Please welcome guest blogger Rob Preece
it’s possible to write a story that’s all dialogue, description and
introspection, for many genres, especially fantasy and science
fiction-related genres, action, sex and physical danger add spice. The
trick, of course, is to make the action seem believable, while allowing
it to define the character in the eyes of the reader and use it as a
symbol to show that character’s growth through the story. Unfortunately,
there are several pitfalls with writing action and fight scenes—even
more so than in writing sex scenes (most authors are far more familiar
with the basics of sex than they are with those of fighting).
your character handles a physically dangerous situation depends on that
character and that character’s story arc. Let’s say, for example, that
our protagonist (Jane) is a female spy who’s penetrated an enemy
stronghold and read that enemy’s secret plans but is discovered in the
act. Jane can run, hide, fight, or surrender. Each act has obvious
consequences and the decision will drive the rest of the story.
our story, Jane decides to fight rather than run away. Our readers will
sympathize even though they might run away themselves. Because she’s
the protagonist, we want Jane to be braver, more capable than we are.
The actual fight, though, is a bit tricky. Like a sex scene, we want the
fight to reflect the characters involved. Thus the fight must be
choreographed to show Jane’s stage in her development as a protagonist
and must be individualized. Readers have seen too many stories where the
woman kicks her assailants in the scrotum and will feel
cheated by a clichéd solution. They instinctively know that tough
security guards have been kicked before and are ready for this response.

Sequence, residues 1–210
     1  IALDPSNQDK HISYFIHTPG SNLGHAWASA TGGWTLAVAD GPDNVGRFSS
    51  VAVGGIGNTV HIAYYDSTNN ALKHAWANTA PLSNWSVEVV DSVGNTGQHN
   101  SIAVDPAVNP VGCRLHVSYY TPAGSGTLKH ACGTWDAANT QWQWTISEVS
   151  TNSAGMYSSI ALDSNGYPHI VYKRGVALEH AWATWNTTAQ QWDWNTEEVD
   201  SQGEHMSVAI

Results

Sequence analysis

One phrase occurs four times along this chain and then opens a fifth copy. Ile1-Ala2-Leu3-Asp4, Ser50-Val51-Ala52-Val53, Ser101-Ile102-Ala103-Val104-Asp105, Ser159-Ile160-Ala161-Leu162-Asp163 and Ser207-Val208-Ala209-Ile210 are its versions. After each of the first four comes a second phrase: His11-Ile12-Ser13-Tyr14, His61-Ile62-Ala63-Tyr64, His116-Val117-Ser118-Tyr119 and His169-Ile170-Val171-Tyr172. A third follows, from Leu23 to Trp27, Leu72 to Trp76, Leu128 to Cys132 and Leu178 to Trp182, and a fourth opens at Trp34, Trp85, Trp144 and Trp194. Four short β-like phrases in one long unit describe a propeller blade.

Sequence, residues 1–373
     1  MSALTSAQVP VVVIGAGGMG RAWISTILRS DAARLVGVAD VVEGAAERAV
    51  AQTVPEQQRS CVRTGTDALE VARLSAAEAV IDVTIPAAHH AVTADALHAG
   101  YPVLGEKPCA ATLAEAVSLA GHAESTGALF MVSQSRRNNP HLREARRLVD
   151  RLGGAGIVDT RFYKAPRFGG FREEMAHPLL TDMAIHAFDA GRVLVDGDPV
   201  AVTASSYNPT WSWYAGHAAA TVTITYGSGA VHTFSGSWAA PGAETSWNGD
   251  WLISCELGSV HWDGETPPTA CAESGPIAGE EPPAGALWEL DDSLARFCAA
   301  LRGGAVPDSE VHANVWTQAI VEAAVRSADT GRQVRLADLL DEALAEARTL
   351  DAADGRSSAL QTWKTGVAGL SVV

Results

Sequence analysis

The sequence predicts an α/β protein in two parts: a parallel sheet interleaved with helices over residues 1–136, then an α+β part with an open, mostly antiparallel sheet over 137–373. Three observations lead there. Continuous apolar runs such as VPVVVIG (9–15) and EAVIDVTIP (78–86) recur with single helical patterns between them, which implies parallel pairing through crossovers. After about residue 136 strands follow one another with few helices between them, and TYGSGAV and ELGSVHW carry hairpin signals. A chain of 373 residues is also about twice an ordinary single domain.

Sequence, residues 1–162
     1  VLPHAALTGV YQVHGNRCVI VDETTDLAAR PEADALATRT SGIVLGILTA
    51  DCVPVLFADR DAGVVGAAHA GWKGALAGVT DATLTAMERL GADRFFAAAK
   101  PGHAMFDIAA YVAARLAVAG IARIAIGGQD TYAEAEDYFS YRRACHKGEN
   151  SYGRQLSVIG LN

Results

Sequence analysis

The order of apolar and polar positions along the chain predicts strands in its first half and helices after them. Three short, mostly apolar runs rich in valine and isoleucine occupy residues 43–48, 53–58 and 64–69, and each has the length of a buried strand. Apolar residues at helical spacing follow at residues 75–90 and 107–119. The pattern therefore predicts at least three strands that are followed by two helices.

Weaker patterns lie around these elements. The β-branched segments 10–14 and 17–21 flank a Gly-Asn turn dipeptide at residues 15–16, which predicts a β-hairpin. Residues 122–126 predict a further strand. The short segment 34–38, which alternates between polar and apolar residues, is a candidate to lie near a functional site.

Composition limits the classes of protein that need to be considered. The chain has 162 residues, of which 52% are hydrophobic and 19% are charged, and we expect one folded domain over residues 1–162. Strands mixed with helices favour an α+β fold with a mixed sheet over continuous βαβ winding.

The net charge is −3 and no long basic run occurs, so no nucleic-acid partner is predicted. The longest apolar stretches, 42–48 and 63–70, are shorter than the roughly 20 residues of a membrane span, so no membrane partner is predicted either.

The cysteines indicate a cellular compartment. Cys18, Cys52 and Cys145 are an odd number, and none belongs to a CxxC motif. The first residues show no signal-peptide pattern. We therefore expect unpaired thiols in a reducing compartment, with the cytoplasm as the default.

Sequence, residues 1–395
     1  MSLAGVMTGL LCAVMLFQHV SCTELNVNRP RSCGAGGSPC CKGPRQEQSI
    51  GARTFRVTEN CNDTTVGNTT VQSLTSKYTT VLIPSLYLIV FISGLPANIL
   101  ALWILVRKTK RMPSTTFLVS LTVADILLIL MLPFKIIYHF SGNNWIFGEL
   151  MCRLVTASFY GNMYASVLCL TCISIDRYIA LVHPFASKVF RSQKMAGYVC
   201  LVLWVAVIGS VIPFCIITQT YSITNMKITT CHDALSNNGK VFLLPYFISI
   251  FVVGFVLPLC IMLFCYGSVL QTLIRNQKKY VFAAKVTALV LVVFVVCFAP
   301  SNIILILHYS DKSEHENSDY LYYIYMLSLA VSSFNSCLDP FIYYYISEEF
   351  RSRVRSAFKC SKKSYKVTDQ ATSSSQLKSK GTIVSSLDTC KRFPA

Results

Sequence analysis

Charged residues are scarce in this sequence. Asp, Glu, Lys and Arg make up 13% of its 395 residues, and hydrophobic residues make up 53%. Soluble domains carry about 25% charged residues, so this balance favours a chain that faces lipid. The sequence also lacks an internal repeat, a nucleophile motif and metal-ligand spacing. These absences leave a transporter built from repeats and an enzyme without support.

with all writing, one technique is to use the readers’ experience and
expectations to trick them, twist the cliché and show it in a new way.
The first idea that jumps into our heads is generally the one readers
expect, and that we should avoid. If everyone, including the guards,
knows that Jane intends to kick one or more of them in the scrotum, the
story is advanced if she does something else (perhaps performs
a back kick on the guard trying to grab her from behind after suckering
the guard in front of her with a fake knee to his groin). In this way,
we either avoid cliché entirely or use the cliché as a setup, then
deliver an unexpected payoff.
author doesn’t need to be a mixed martial arts expert to write good
action scenes any more than she needs to live in eighteenth century
England to write regency. It’s important, though, to do your research.
Just as readers of medieval romance are put off by anachronisms, so
readers of action fiction are pulled out of the story by action that’s
clichéd, that’s physically impossible, or that simply doesn’t fit with
the character you’ve established.
more tips and techniques? In my workshop with FF&P, I’ll help
writers construct high-impact action scenes that add to the story rather
than simply filling space.
What the Action Heroine Knows, and the Writer Should: Martial Arts, Fighting and Weapons, presented by Rob Preece, runs from April 2, 2012 through April 29, 2012
Preece is a martial artist, writer small publisher, and bridge
instructor. He holds a second degree black belt in Tae Kwon Do, and has
also studied Ju-Jitsu, Kobodo (Okinawan traditional weapons), European
Fencing, Judo and Taiji (Tai-Chi). When he's not practicing fighting,
Rob is working on his next project, editing, or playing bridge. A
longtime member of Romance Writers of America, Rob has finaled in the
RWA Golden Heart competition as well as finaling or winning a number of
other writing competitions. His mystery, Midlife Murder(writing as Amy
Eastlake) was a top-rated pick at Fictionwise where he's reached the
best-sellers list several times. He's presented his workshop on writing
fight scenes for RWA National, Mystery Writers of America Southwest,
EPIC, several local RWA and MWA chapters and on line.